This show finished on Saturday 15 March 2014, and this page is being kept for archival purposes only.

Dates

Wednesday 12 March - Saturday 15 March

Price

£6/5.50/5

Author

Mary Chase

Venue

Bedlam Theatre

“In this world you must be oh so smart or oh so pleasant. For years I was smart. I recommend pleasant.”

Celebrating its 70th anniversary this year, Mary Chase’s Pulitzer-winning comedy tells the tale of Elwood P. Dowd. Elwood is a supremely kind and affable human being; his best friend just happens to be an imaginary 6-foot-3-and-a-1/2 inch tall white rabbit named Harvey.

When Elwood starts to introduce Harvey to guests at a society party, his sister, Veta, has seen as much of his eccentric behaviour as she can tolerate. She decides to have him committed to a sanitarium to spare her daughter, Myrtle Mae, and their family from future embarrassment. However, a series of mishaps and misunderstandings leads everyone to question just how imaginary Harvey is after all…


Cast and Crew

Elwood P. Dowd
Craig Methven
Veta L. Simmons
Caroline Elms
Myrtle Mae Simmons
Emily Deans
William Chumley
Callum O'dwyer
Lyman Sanderson
Macleod Stephen
Ruth Kelly
Elsa Van Der Wal
Duane Wilson
Martin Maclennan
Judge Omar Gaffney
Eric Geistfeld
Mrs Ethel Chauvenet
Ella Rogers
Betty Chumley
Rachel Bussom
E.J. Lofgren
Ian Culleton
Miss Johnson
Louise Spence
Director
Henry Conklin
Director
Lauren Moreau
Producer
Fergus Deery
Technical Manager
Katherine Bull
Lighting Designer
Tom Turner
Stage Manager
Julia Brown
Stage Manager
Rosamund Fitzmaurice
Publicity Design
Louise Spence
Assistant Producer
Catriona Oliver
Assistant Producer
Katya Moncrieff
Assistant Producer
Sally Pendleton

Tickets


Reviews

Andrew Hamilton on Tuesday 18 March for The Student

The High expectations turned into sheer anxiety as the lights dimmed on the audience and the performance commenced. Disregarding expectations was impossible, knowing that the play has its roots in a Pulitzer Prize winning novel and has run globally for seventy years.

In hindsight, holding expectations was not a smart move due to it being a play where the central character Elwood P. Dowd (Craig Methven) has a 6-foot-3-and-a-1/2 inch tall invisible rabbit named Harvey for a best friend.

Regardless of its high reputation, the production satisfied in every regard. It is neatly woven together with particularly strong performances from Methven, Caroline Elms (as Elwood’s sister, Veta) and Callum O’Dwyer assuming the role of Dr. William Chumley, a psychiatrist who attempts to have Elwood permanently committed to a psychiatric hospital.

While Harvey never makes an appearance on stage, his presence is heavily focussed on, effectively conveying the company of a giant white rabbit to the viewer. Doors are seen to open independently, and Elwood even apologises at one point for kicking him accidentally. Elwood’s discussion of Harvey’s friendly and talkative nature not only helps to personify Harvey, but also establish Elwood’s firm beliefs in Harvey’s existence.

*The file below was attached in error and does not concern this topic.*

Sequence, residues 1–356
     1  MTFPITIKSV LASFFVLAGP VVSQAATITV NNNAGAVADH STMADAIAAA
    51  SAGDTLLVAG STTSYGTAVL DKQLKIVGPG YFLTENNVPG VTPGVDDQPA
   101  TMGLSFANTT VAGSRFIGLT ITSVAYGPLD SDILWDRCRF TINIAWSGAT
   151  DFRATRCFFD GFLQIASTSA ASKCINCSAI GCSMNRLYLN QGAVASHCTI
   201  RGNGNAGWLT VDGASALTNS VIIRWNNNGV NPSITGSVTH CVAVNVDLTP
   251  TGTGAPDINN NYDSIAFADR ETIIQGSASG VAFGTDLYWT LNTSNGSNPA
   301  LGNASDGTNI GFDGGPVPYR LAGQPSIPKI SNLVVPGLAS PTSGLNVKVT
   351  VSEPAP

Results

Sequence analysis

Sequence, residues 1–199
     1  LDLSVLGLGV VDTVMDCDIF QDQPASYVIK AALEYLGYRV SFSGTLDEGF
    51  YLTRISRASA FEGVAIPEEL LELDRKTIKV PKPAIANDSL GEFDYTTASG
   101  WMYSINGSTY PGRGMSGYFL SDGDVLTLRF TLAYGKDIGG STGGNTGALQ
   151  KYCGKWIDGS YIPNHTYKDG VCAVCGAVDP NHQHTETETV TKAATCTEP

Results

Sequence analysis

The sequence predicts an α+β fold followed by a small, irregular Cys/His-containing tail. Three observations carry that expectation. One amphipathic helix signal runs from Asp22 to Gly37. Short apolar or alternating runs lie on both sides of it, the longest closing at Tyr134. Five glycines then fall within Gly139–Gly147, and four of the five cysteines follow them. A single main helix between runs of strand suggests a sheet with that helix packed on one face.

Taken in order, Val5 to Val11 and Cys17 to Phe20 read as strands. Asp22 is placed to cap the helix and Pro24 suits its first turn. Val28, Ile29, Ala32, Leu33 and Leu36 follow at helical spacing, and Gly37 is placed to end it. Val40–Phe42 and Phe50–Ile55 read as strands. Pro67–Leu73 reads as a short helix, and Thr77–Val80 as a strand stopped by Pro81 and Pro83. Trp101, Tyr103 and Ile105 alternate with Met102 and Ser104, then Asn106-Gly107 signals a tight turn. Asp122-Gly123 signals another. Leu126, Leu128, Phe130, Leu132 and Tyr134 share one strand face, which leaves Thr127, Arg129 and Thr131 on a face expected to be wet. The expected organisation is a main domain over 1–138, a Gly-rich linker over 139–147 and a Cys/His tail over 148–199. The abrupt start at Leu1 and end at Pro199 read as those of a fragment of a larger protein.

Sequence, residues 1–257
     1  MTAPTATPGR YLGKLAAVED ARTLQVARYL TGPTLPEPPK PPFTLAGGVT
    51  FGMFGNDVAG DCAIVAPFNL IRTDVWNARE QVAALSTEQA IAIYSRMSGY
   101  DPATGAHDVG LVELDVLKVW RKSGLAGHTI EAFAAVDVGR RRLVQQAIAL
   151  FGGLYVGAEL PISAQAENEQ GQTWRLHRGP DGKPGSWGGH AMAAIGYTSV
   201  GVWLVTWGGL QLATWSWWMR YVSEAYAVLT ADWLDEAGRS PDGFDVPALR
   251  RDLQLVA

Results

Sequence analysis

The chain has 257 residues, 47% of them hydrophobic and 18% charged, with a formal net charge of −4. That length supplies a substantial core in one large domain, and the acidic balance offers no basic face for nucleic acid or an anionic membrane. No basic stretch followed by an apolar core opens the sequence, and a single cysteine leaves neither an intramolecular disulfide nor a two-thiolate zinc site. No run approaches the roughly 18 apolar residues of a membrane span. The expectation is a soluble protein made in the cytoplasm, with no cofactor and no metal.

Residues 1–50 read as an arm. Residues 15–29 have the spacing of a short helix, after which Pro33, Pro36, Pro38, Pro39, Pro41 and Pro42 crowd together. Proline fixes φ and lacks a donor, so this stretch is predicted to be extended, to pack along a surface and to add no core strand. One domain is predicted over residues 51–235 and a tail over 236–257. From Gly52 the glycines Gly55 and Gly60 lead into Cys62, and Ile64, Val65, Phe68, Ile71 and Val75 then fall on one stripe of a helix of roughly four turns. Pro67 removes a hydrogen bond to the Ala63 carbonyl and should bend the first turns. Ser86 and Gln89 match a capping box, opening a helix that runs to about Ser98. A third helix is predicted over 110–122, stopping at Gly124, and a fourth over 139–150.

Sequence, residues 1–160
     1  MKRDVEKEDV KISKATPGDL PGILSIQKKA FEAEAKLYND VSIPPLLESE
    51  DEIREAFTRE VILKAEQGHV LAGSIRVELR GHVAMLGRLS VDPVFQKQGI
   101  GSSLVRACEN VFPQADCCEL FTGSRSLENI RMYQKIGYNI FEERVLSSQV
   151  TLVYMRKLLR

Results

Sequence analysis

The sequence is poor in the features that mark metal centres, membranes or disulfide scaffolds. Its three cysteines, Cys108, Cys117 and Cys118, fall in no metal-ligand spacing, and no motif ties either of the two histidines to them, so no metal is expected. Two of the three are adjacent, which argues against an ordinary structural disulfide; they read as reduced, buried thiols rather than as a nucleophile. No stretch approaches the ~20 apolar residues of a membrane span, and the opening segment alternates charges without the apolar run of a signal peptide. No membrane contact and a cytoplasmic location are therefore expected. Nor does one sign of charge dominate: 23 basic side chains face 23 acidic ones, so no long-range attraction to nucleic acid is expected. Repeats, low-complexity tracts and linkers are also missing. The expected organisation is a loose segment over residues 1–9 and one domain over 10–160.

Sophistication is also apparent in the handling of the stage, with Veta’s living room looking distinctly average – reflecting her desperate attempts at properness and normality despite Elwood’s sometimes disruptive behaviour. Conversely, the bland and spacious furnishings of the hospital work to convey a sense of staleness and emptiness.

The occasional interjections of period musical numbers firmly contextualise the performance in 1940s America. Effective attempts at period immersion also include references to proper manners towards women, temperance, and misdiagnosis and treatment of suspected mental illnesses.

The performance conveys a strong message of acceptance and forgiveness. The serious yet light-hearted theme along with the strong performances and technical sophistication mean that you won’t be left feeling disappointed by any stretch of the imagination.The High expectations turned into sheer anxiety as the lights dimmed on the audience and the performance commenced. Disregarding expectations was impossible, knowing that the play has its roots in a Pulitzer Prize winning novel and has run globally for seventy years.

In hindsight, holding expectations was not a smart move due to it being a play where the central character Elwood P. Dowd (Craig Methven) has a 6-foot-3-and-a-1/2 inch tall invisible rabbit named Harvey for a best friend.

Regardless of its high reputation, the production satisfied in every regard. It is neatly woven together with particularly strong performances from Methven, Caroline Elms (as Elwood’s sister, Veta) and Callum O’Dwyer assuming the role of Dr. William Chumley, a psychiatrist who attempts to have Elwood permanently committed to a psychiatric hospital.